Hot tip: If you choose to drive your lawnmower on the road as a vehicle, don’t think you’re free from driving laws.
Indeed, this was the lesson learnt the hard way for one NSW man who allegedly decided he would jump on his ride-on lawnmower after several rounds of drinks one March evening and take to the streets of Terranora.
It is reported that the 40-year-old made his way down the residential road at Shearer Court and Australia Drive of the northern NSW town, not a care in the world.
Alas, riding a lawnmower down any road isn’t exactly inconspicuous, and as luck would have it, by the time he’d reached the border of Tweed Heads around 7:45pm, he had been spotted by officers from NSW Police.
The man was quickly pulled over, and when subjected to a roadside breath test, allegedly blew almost five times over the legal limit.
According to NSW Police, the man was then taken to Tweed Heads Police Station.
There, he allegedly returned a reading of 0.243 BAC.
The man was charged with high-range drink driving (second offence).
He was also charged with driving without an interlock device and driving an unregistered type of vehicle on a road.
The man will appear at Tweed Heads Local Court over the matter in May.
An interlock device is an electronic breath-testing device that links to the ignition system of cars, motorcycles and heavy vehicles.
It is part of the Alcohol Interlock Program, which is a court-ordered requirement for some drink driving offenders.
When on an Alcohol Interlock Program, before you can drive your vehicle, you are required to complete a breath test on the interlock.
If the device detects that you have alcohol in your system, the vehicle will not start.
If you have been convicted of a serious drink driving offence, or you’ve been convicted of more than one drink driving offence, you will be restricted to driving vehicles with interlock devices for a period of time after you return to driving.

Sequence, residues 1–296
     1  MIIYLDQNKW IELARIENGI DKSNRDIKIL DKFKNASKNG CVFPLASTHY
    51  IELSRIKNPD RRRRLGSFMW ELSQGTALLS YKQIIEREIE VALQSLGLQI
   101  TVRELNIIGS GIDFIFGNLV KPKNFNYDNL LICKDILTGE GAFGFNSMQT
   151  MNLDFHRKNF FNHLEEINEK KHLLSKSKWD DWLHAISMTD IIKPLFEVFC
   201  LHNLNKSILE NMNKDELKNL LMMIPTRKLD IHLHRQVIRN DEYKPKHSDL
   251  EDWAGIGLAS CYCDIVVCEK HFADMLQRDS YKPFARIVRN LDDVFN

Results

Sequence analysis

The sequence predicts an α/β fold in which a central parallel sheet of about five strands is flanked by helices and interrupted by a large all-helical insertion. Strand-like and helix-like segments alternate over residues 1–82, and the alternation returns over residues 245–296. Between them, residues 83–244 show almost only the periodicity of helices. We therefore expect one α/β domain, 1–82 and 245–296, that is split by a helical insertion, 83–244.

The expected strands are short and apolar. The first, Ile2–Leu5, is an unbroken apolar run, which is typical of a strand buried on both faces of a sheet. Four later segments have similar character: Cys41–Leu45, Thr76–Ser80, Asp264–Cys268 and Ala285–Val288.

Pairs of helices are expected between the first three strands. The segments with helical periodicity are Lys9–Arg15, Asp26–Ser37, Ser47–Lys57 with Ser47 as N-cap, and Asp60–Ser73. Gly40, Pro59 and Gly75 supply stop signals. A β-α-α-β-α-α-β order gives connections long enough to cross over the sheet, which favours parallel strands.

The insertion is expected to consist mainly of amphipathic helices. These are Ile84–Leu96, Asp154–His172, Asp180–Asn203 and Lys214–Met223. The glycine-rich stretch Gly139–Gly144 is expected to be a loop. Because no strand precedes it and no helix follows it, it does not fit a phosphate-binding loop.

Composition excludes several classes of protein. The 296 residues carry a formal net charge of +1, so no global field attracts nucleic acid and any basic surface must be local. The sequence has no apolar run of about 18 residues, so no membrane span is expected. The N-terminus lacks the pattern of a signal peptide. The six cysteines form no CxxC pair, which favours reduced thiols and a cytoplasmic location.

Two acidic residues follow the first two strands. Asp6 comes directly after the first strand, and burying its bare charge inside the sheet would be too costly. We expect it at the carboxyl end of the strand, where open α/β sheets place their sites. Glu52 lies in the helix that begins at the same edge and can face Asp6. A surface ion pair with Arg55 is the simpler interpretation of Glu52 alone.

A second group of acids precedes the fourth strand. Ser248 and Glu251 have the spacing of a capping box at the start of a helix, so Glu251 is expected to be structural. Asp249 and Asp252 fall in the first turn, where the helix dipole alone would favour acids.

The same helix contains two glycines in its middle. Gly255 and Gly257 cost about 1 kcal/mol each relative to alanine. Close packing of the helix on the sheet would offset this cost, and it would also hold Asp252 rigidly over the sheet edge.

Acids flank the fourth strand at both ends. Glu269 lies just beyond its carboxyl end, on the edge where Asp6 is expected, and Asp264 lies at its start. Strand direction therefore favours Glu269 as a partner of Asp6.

What You Should Know Before Jumping on Your Lawnmower for a Joy Ride…
While it may seem tempting to hop on your ride-on lawnmower and take to the streets, under NSW law, mowers, including lawn and ride-on mowers, must be conditionally registered in order to be used on public roads and road-related areas, while road rules apply.
Having a conditional registration gives you limited road access to perform specific functions.
Moreover, you cannot get conditional registration if a vehicle that complies with the construction and equipment requirements of the Australian Design Rules can be used to perform the same function.
It is important to note that lawnmowers weighing less than 250kg used for mowing lawns are exempt from registration.
Meanwhile, for oversize vehicle operators, vehicles that go beyond the dimension and weight limits must comply with the conditions of the relevant access notice or permit.
In NSW, the conditions can be found by contacting the Special Permits Unit.
The Penalties You Can Face for High-Range Drink Driving in NSW
In NSW, drink driving is a criminal offence, and for high-range incidences, the penalties are significant.
This is designed not only to reflect the seriousness of the crime, but also to deter people from engaging in the conduct given drink driving can have grave impacts on road users and the community at large.
In NSW, if you are a first-time offender found guilty of high-range drink driving, you can face maximum penalties of up to 18-months in jail, or a fine of $3,300, or both.
In addition, a compulsory licence disqualification of 6-9 months will also apply, as well as an interlock period for a minimum of two years.
The penalties increase if you a second-time offender or a subsequent offender.
In such case, you can face a maximum penalty of up to two years in jail, a fine of $5,500, or both.
For second-time or subsequent offenders, the compulsory licence disqualification period increases to 9 – 12 months, while a minimum interlock period of four years also applies.
By Sahar Adatia.